If he sticks his head out (Make a hole with fist and stick up finger.)
On a cloudy day
He’s not frightened
So he will say, (Wiggle finger.)
“I think I’ll stay out
And the weather should clear.
Spring will be here
Early this year.”

*You can download the book at drjean.org/ February, 2007.
Cup Puppet – Let children draw a groundhog or download one 

off the internet.   Staple to a straw. Punch a hole in the bottom ≈
of a paper cup and insert the straw in the cup. Raise and lower 
the groundhog as appropriate in the song.

Sidewalk Shadows
– Go outside on a sunny day and have children stand with their backs to the sun. Let them make silly motions and play “Guess what I am?” Give them chalk and let them trace around each other’s shadows.
*Draw shadows at 10, 12, and 2 and compare.
*Play shadow tag where they try to touch each other's shadows.

Where’s the Groundhog? – Cut twenty 4” squares out of heavy paper. Write high frequency words, math facts, letters, etc. on the cards. Make a copy of the attached groundhog. Have the children sit on the floor in a circle. Mix up the cards and place them face up on the floor. Identify the word (etc.) on each card as you place it down on the floor. Tell the children to turn around. Hide the groundhog under one of the squares. Children turn back around and try and guess where the groundhog is hiding. One at a time children call out a word and then “peek” to see if the groundhog is under it. The first child to find the groundhog gets to have a turn hiding it. The game continues as children hide the groundhog and then try to discover his whereabouts.

Dramatize - Invite children to dramatize the groundhog peeping out of his hole. What if it's sunny? What if it's cloudy?

Note! Visit groundhog.org for some great ideas!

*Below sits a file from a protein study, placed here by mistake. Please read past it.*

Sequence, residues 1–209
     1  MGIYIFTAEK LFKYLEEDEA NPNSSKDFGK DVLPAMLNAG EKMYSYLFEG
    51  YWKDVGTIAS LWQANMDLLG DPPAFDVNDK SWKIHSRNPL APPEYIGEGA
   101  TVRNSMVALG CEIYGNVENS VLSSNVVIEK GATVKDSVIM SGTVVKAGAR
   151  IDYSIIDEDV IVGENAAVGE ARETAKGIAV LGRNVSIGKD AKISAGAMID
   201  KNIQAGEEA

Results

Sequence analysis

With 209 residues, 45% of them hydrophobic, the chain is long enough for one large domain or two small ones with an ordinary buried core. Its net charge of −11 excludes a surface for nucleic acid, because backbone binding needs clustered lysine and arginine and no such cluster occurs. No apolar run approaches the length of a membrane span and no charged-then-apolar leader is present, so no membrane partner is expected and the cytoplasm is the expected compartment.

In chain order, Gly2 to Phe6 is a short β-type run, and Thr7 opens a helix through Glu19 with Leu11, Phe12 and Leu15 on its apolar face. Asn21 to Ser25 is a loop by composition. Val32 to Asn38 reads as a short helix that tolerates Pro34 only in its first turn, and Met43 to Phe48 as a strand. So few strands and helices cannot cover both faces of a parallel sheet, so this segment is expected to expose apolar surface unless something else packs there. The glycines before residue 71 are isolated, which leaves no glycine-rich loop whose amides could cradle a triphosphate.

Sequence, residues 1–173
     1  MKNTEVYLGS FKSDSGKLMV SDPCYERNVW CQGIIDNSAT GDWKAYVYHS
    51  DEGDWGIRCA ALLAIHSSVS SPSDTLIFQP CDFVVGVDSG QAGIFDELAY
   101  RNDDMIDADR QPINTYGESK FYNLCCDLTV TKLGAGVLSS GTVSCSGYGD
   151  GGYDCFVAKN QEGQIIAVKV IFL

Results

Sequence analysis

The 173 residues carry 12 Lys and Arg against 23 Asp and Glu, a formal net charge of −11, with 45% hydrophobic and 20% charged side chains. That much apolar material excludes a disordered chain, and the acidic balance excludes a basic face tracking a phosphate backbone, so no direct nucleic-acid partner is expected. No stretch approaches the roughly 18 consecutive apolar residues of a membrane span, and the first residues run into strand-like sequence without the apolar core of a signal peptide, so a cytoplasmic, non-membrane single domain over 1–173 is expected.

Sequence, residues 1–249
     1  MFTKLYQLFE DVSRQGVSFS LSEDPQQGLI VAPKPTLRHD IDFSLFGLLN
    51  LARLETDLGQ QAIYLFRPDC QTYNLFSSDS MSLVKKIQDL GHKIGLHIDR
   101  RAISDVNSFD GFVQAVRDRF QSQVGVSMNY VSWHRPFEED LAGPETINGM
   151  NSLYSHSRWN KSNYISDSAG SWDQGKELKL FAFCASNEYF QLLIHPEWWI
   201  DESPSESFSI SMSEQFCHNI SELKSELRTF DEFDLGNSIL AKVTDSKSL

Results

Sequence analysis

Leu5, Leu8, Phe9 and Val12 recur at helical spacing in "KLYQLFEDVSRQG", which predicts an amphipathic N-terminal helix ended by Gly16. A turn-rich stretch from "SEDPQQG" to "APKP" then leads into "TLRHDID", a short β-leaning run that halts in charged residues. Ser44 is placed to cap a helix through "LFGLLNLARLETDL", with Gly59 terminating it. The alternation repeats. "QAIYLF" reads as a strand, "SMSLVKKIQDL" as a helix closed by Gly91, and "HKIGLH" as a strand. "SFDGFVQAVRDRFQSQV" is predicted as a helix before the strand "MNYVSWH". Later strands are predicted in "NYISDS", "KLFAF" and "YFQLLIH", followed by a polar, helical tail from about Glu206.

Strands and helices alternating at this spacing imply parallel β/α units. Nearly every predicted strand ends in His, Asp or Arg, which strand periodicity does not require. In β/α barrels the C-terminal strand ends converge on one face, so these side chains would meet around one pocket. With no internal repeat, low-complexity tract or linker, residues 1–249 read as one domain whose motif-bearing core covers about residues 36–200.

Wednesday, January 22, 2014

ON WISCONSIN!

"ON” to Wisconsin last Thursday where I learned a GREAT technique for making flannel board activities. As long as I’ve been teaching, it’s refreshing to learn something NEW! 

Milk Filter Flannel Boards (Heather Hojnacki)
Buy milk filters at a farm supply store and cut into 8 ½” x 11” rectangles. These can be run through a copy machine to make story characters, math manipulatives, shapes, etc. The filters are easy to cut and store. Children can also make their own flannel board pieces by coloring on the filters with markers or colored pencils.



Driving in the Snow (Heather Hognacki)
After laminating highway letters and numbers, put shaving cream on the dotted lines. Children can “drive cars through the snow” for multi-sensory fun!

Counting the Days (Nancy Heitz)
(Tune: “99 Bottles”)
Use number magnets or other visuals to show how many days children have been in school as you sing.
         82 days of school on the wall, 82 days of school.
         Tomorrow we’ll take one and add one more,
         It will be 83 days of school on the wall.

Ready, Set, Switcheroo! (Siri Eck)
Here’s a new way to transition from one learning center to another.
Ready – Children put their work into their folder and get ready to move to a new center.
Set – Set the table for the next group.
Switcheroo – Move/switch to the new center.

Pre-Writing (Lindsay Lamb)
Hot glue pre-writing forms on file folders for children to trace.
*Use mini-golf pencils for better control.

Lucky Ducks Partner Sticks (Lindsay Lamb)
Put duck pictures/stickers at the top of craft sticks with children’s names. “You’re a Lucky Ducky, Bobby. You’re partners with Sue!”

Office Depot/Staples (Lindsay Lamb)
Ask to have notebooks cut in half. They will be small enough to keep in children’s toolboxes for daily journals at the end of the day.

Weekly Journal (Pamela Crowell)
Children can use a book made with 2 sheets of paper folded in half to help them learn the days of the week. Write the name of the day at the top and have children draw what they did. They can review the whole week at the end. If you add another page they can fill it in over the weekend at home.

Tuesday, January 21, 2014

COUNT, COLOR, AND POP!

More “souvenirs” from my travels last week! 

Count and Exercise (Amy Lowrance)
When counting to 100, do a different activity/motion for each set of ten.
-touch toes
-clap
-bend knees
-march
-jumping jacks

Coloring to Music (Pam Inman)
(Tune: “I Am Slowly Going Crazy”)
Children start by coloring slowly with one color. As the song gets faster they change colors and color faster.